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Mr. Belvedere Rings the Bell (1951)

Unrated | | Comedy | 22 October 1951 (Sweden)
An urbane, sharp-tongued expert on how to stay young interrupts a lecturing tour to prove his theory at a dilapidated old people's home. To the despair of his agent and the alarm of the ... See full summary »

Director:

Henry Koster

Writers:

Ranald MacDougall (screenplay), Gwen Davenport (character) | 1 more credit »
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Cast

Cast overview:
Clifton Webb ... Lynn Belvedere
Joanne Dru ... Miss Harriet Tripp
Hugh Marlowe ... Rev. Charles Watson
Zero Mostel ... Emmett
William H. Lynn William H. Lynn ... Mr. Beebe (as Billy Lynn)
Doro Merande ... Mrs. Hammer
Frances Brandt Frances Brandt ... Miss Hoadley
Kathleen Comegys Kathleen Comegys ... Mrs. Sampler
Jane Marbury Jane Marbury ... Mrs. Gross
Harry Hines Harry Hines ... Mr. Cherry
Warren Stevens ... Reporter
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Storyline

An urbane, sharp-tongued expert on how to stay young interrupts a lecturing tour to prove his theory at a dilapidated old people's home. To the despair of his agent and the alarm of the priest running it, he infiltrates the home by lying about his age and sets about lifting the occupants' spirits and making them feel young again. Written by Jeremy Perkins {J-26}

Plot Summary | Add Synopsis

Genres:

Comedy

Certificate:

Unrated | See all certifications »
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Details

Country:

USA

Language:

English

Release Date:

22 October 1951 (Sweden) See more »

Also Known As:

Mr. Belvedere Blows His Whistle See more »

Company Credits

Production Co:

Twentieth Century Fox See more »
Show more on IMDbPro »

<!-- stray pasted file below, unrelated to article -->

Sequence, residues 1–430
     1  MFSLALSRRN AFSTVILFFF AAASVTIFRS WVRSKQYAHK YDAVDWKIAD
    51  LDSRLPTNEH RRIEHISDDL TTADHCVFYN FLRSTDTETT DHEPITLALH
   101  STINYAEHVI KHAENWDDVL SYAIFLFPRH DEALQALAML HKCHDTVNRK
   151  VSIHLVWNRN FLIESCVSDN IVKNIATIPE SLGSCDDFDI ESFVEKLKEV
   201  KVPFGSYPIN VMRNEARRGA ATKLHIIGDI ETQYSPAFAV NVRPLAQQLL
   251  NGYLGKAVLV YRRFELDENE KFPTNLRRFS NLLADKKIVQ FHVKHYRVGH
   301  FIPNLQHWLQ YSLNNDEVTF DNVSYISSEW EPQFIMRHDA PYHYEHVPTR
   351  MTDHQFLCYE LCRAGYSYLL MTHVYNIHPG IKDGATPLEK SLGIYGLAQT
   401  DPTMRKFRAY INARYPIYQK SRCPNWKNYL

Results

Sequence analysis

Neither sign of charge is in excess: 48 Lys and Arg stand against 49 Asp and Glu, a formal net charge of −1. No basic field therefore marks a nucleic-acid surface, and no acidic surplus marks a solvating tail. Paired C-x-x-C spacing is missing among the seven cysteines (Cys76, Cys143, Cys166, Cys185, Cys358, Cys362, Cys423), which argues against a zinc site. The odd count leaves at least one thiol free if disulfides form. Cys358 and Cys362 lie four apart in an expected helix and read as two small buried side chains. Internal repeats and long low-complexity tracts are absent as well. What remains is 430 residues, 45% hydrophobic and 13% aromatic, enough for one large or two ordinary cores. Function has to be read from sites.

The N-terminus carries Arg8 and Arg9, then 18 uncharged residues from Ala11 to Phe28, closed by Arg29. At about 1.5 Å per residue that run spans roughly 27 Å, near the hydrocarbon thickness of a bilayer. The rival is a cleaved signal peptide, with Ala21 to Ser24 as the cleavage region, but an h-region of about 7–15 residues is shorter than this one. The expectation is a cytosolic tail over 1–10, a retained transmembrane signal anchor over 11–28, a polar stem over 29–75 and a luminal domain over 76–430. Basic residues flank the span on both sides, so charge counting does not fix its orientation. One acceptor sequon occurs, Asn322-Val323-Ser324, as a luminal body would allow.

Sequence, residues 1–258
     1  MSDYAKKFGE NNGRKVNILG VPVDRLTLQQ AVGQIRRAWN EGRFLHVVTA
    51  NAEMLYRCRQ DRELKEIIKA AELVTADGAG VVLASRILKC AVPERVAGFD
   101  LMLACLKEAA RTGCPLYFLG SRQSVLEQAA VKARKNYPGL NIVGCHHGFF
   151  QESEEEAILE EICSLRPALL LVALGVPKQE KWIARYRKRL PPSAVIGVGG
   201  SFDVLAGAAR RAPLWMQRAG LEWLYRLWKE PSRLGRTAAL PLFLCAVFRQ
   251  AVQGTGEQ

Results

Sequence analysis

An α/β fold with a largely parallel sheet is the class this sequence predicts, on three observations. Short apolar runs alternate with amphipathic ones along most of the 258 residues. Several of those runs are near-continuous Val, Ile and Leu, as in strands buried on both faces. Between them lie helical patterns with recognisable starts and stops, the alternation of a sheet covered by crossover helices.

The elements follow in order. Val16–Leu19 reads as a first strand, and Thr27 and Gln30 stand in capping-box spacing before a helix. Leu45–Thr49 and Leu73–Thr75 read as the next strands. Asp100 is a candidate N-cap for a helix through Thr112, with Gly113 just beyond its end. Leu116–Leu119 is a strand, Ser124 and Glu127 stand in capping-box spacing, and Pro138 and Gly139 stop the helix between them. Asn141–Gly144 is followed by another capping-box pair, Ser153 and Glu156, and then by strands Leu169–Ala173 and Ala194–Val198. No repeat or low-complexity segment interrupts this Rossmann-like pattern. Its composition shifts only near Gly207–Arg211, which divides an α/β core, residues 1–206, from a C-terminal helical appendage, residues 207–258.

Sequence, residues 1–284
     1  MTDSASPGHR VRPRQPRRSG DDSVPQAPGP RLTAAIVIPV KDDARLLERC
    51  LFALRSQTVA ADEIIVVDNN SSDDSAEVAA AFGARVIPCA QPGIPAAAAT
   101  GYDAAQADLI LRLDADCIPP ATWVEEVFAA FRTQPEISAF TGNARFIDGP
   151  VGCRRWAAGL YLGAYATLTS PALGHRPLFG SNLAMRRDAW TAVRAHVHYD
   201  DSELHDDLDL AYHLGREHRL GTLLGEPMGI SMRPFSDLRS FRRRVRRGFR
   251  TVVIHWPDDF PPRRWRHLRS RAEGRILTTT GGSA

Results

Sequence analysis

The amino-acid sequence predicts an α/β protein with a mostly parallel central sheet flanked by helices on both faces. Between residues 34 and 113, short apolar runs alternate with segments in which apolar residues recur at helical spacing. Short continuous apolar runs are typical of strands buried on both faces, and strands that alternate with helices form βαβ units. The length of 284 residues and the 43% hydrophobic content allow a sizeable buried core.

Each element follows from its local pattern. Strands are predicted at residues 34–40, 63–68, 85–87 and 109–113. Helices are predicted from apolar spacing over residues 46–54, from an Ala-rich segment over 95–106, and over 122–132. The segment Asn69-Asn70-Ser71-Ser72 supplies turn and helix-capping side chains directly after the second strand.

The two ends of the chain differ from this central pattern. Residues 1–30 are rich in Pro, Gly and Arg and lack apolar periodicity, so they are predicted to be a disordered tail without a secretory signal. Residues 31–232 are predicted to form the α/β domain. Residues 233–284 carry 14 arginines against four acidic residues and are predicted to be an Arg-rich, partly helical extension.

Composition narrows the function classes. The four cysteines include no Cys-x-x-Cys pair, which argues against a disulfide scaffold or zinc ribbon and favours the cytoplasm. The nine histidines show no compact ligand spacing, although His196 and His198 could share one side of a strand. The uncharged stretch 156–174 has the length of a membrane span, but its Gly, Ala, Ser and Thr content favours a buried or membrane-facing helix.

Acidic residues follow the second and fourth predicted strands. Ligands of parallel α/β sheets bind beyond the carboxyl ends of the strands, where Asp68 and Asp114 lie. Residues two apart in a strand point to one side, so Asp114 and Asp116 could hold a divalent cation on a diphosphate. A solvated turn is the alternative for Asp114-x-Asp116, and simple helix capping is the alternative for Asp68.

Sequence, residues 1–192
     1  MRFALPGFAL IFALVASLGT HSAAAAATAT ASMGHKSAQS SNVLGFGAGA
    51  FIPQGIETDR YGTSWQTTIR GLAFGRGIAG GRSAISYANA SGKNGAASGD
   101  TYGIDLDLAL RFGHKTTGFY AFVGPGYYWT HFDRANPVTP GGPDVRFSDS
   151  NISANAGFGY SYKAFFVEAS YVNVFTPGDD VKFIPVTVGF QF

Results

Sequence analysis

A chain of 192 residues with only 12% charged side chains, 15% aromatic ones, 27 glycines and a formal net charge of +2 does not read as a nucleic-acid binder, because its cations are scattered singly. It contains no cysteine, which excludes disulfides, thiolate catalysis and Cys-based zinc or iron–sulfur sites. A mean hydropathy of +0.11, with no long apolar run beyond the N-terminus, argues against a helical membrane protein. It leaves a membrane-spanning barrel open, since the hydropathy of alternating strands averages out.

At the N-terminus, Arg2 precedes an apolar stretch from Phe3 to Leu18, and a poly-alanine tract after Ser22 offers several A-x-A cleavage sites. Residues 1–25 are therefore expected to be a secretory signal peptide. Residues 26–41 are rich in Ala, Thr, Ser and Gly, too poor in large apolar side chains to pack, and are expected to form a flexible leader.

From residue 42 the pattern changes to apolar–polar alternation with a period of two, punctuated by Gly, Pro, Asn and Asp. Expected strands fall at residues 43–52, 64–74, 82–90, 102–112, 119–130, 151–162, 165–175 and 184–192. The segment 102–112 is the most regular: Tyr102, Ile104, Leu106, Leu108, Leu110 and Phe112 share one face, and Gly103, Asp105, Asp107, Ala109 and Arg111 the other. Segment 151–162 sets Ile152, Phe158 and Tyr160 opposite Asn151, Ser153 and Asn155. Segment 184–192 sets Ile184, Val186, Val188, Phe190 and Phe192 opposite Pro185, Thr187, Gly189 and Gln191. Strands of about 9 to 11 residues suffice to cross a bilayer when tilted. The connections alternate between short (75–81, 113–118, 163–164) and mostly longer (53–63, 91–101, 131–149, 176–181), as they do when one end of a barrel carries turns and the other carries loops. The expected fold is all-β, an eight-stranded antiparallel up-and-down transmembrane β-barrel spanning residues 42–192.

Technical Specs

Runtime:

Sound Mix:

Mono (Western Electric Recording)

Aspect Ratio:

1.37 : 1
See full technical specs »
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Did You Know?

Trivia

The film is largely based on the 1948 Broadway play, "The Silver Whistle," rewritten as part of the Mr. Belvedere film series. The film retains the names of nearly all the characters in the play but the lead character is changed as Mr. Belvedere was not a character in the play. The lead in the play was Oliver Erwenter, a romantic hobo who wanders into the old folks' home. The characters of Erwenter and Belvedere are quite different although the plot is essentially the same. See more »

Connections

Version of Playhouse 90: The Silver Whistle (1959) See more »

Soundtracks

The Fountain in the Park
(uncredited)
aka "While Strolling Through the Park One Day"
Music by Ed Haley
Played during the opening credits
Variations played occasionally in the score
See more »

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User Reviews

 
Balm For The Old Folks
12 December 2010 | by bkoganbingSee all my reviews

This last Belvedere film that Clifton Webb did is the answer to an interesting trivia question which is what role was played by both Jose Ferrer and Clifton Webb. No, that does not mean that Ferrer ever played the part of Belvedere.

Mr. Belvedere Rings The Bell is an adaption of a recent Broadway play, The Silver Whistle which Jose Ferrer starred in on Broadway for 219 performances during the 1948-49 season. Ferrer finds a birth certificate of a man who would have been 77 years old and through this gains entrance to a senior citizen home run by a church. He brings quite a bit of change to their lives while there.

Darryl F. Zanuck bought this for 20th Century Fox and adapted it to fit Mr. Belvedere. But instead of looking for some real lodging, Clifton Webb is doing this as a kind of sociological experiment, to test some theories he's written in a new bestseller about staying young. Webb interrupts his book tour much to the chagrin of Zero Mostel who is his agent and has some really good scenes in this film.

Frances Brandt, William Lynn, Kathleen Comegys, and Doro Merande all repeated their roles from Broadway as the senior citizen residents of this home. Hugh Marlowe and Joanne Dru play the reverend and the social worker who run the home and whom Webb helps to make realize they have more in common than the home.

One thing I will have to say that is completely ludicrous though. Clifton Webb was 62 when he made the film and looked it. The film says that he is 46 and trying to pass himself off to the seniors as a man who looks and feels young because of his way of living and looking at life with some ancient Tibetan medicine. That was just completely ridiculous and I think Clifton Webb knew it. Maybe that was why there were no more Belvedere films for him.

Still Webb left us with a priceless character on the screen for which he is most remembered and we can be grateful for the three films we do have.


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